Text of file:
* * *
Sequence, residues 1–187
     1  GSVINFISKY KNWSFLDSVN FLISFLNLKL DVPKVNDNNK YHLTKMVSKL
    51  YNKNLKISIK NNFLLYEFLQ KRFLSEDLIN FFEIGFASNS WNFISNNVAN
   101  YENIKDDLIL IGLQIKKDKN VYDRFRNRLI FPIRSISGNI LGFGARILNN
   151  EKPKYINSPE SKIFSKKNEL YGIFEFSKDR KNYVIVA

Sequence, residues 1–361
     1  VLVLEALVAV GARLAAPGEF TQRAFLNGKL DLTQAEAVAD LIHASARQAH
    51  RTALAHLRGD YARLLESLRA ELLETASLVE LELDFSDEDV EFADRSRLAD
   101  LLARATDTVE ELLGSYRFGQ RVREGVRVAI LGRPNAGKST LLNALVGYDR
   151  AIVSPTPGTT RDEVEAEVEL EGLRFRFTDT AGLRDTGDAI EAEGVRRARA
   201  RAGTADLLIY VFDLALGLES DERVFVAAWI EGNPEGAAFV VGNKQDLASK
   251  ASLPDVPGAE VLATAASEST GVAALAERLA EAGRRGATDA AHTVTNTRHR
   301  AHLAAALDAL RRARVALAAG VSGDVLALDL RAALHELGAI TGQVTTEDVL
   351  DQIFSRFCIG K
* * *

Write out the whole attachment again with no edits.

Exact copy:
Sequence, residues 1–187
     1  GSVINFISKY KNWSFLDSVN FLISFLNLKL DVPKVNDNNK YHLTKMVSKL
    51  YNKNLKISIK NNFLLYEFLQ KRFLSEDLIN FFEIGFASNS WNFISNNVAN
   101  YENIKDDLIL IGLQIKKDKN VYDRFRNRLI FPIRSISGNI LGFGARILNN
   151  EKPKYINSPE SKIFSKKNEL YGIFEFSKDR KNYVIVA

Sequence, residues 1–361
     1  VLVLEALVAV GARLAAPGEF TQRAFLNGKL DLTQAEAVAD LIHASARQAH
    51  RTALAHLRGD YARLLESLRA ELLETASLVE LELDFSDEDV EFADRSRLAD
   101  LLARATDTVE ELLGSYRFGQ RVREGVRVAI LGRPNAGKST LLNALVGYDR
   151  AIVSPTPGTT RDEVEAEVEL EGLRFRFTDT AGLRDTGDAI EAEGVRRARA
   201  RAGTADLLIY VFDLALGLES DERVFVAAWI EGNPEGAAFV VGNKQDLASK
   251  ASLPDVPGAE VLATAASEST GVAALAERLA EAGRRGATDA AHTVTNTRHR
   301  AHLAAALDAL RRARVALAAG VSGDVLALDL RAALHELGAI TGQVTTEDVL
   351  DQIFSRFCIG K